A murder inside the Louvre, and clues in Da Vinci paintings, lead to the discovery of a religious mystery protected by a secret society for two thousand years, which could shake the foundations of Christianity.
Fearing it would compromise his career, lawyer Andrew Beckett hides his homosexuality and HIV status at a powerful Philadelphia law firm. But his secret is exposed when a colleague spots the illness's telltale lesions. Fired shortly afterwards, Beckett resolves to sue for discrimination, teaming up with Joe Miller (Denzel Washington), the only lawyer willing to help. In court, they face one of his ex-employers top litigators, Belinda Conine.Written by
In the scene shown on the television in the bar, then Mayor Edward Rendell was interviewed for the news. Jonathan Demme wanted him to follow lines in the script and Rendell had refused. He insisted on simply answering as he would for any other topic when interviewed for the news. As a result, he managed to get the take on the first try. Through the rest of his tenure as mayor, many referred to him as "One Take Eddie" due to this part in the film and his subsequent ability to do this shot in one try. See more »
When Jamie is looking for files on Andew's computer at work, the computer, an old IBM PS/2, is switched off (the power switch is down). See more »
[making their cases before the judge in her office]
This 'pestilent dust' that council refers to has appeared on only three occasions. Each time it was tested and the results: limestone. It's messy, but innocuous.
[leans in toward Andrew]
Defined by Webster's as 'harmless.'
I know what it means. May I?
[takes the packet of dust]
Thank you. Your honor
[takes a whiff of the dust]
, imagine how the children in this neighborhood are being made to feel: the constant pounding o-of...
[...] See more »
"This motion picture was inspired in part by Geoffrey Bowers' AIDS discrimination lawsuit, the courage and love of the Angius family and the struggles of the many others who, along with their loved ones, have experienced discrimination because of AIDS." See more »
The cable and network television versions of Philadelphia edit out portions of the pharmacy scene where a gay University of Pennsylvania law student attempts to pick up Joe Miller. These two versions end this scene with the law student responding "Do I?" to Joe Miller's question concerning whether Miller looked gay. In the theatrical, home video and premium channel versions, Joe Miller continues to berate the law student with bigot remarks regarding homosexuals. See more »
Jonathan Demme's "Philadelphia" throws us into a world of pain and stark truth that is few and far between in mainstream cinema. The sheer idea that a film would so blatantly take on the difficulty of AIDS and homosexuality, helmed by the director of "Silence of the Lambs", the actor in "Big" and the guy who played Malcom X, is staggering.
AIDS is a reality and homophobia is a nasty truth that permeates our "United" States of America, as well as the rest of the world. At the time that this film was released (about 1993), the U.S. found solace in the idea that AIDS and homosexuality were dirty brothers in a distant family. By placing the film in the "City of Brotherly Love", hiring Bruce Springsteen to sing the title song and having an up-and-coming Tom Hanks star, director Jonathan Demme wisely readied an ignorant America for our first, uninhibited glance into the face of AIDS.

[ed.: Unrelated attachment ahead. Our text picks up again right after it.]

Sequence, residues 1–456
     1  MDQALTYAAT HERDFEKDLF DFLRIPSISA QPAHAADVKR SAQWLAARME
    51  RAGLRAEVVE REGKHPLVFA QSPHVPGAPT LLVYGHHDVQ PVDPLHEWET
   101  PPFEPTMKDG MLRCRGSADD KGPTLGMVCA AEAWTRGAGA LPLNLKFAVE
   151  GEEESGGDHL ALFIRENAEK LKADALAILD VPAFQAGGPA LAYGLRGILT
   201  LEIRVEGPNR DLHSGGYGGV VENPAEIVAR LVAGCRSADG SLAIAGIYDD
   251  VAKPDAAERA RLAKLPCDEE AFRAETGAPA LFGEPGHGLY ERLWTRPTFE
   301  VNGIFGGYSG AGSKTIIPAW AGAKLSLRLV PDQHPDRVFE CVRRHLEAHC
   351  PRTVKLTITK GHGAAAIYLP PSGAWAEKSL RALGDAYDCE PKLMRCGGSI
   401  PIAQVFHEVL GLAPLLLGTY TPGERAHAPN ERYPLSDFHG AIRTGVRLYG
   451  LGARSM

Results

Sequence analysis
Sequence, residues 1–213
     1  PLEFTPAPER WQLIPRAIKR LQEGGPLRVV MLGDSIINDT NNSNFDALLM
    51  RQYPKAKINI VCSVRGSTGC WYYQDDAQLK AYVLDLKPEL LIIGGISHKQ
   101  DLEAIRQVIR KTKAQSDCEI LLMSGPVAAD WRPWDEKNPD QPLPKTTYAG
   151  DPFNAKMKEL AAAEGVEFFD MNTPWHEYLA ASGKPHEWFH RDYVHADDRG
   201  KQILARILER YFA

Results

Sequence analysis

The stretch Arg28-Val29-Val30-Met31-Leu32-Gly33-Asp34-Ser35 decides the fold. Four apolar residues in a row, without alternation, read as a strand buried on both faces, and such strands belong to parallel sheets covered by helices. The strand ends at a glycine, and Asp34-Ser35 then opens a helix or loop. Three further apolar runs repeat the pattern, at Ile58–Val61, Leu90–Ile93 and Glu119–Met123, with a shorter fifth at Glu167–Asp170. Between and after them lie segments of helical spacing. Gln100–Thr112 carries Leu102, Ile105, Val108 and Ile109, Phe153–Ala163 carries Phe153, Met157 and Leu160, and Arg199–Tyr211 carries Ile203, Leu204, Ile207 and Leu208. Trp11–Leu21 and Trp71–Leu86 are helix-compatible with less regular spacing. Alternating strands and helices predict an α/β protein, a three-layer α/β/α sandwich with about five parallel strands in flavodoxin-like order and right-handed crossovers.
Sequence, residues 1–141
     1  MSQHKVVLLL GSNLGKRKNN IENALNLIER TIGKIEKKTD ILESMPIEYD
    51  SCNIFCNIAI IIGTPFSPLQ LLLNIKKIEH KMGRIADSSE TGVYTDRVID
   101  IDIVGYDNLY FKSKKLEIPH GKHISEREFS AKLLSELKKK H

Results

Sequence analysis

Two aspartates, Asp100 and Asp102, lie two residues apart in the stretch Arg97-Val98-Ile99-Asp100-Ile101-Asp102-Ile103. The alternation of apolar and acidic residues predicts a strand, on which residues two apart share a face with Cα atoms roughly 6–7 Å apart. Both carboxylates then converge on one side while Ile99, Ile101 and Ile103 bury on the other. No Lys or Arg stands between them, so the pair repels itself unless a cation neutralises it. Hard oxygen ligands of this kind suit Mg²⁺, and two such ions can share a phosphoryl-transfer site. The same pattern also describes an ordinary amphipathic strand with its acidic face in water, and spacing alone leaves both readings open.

Tom Hanks embodied his role in an Oscar-worthy performance, allowing us to watch as his lovely and lively Andrew Beckett deteriorate before our eyes. Tom Hanks and the writers took to task the difficult and annoyingly controversial hurdle of playing the "gay" character and placing the "straight" audience into that different world. Stereotypes are mostly shied away from in the script with a few "fem" gays and drag queens. These scenes are few, but are also a reality. Many a Christmas party have I attended with the same crowd ("fems" and drag queens) in the mix. The other, mildly annoying, factor in this film is that the writers inform us that squeaky-clean gay Andrew Beckett contracts AIDS at a porn theater from an anonymous stranger, while in a committed relationship. This annoyed me because I wanted a righteous victim, not a impure victim. Yet as time has gone by and I have had the opportunity to work with many a victim of AIDS, whether be it male or female, gay or straight, I have seen that this too is an unfortunate reality. No one is perfect (gay or straight, male or female) and mistakes are often made. Costly mistakes are often made. This was a painful truth, but it is a truth nonetheless. In this, Tom Hanks as Mr. Beckett, brilliantly gave AIDS an honest face for a distant America.
Denzel Washington, on the other hand, allowed America to have a relatable character, one whose shoes we've fit in before. Denzel's views of homosexuality were (and still are) commonplace in the American psyche and his reactions to AIDS were understandable to the average audience. Yet all in all this dramatic film brought a message home.
Demme's directing style is nothing amazing; he tastefully weaves a tale without flashy shots or fancy cuts. At times the film borders on preachy, but, as always, it is Demme's story that grasps the audience, his mood that sets us into the tale, his actors and his direction of them that gives the film honesty. This film is highly recommended if not for the great acting but for lovers of a great story.
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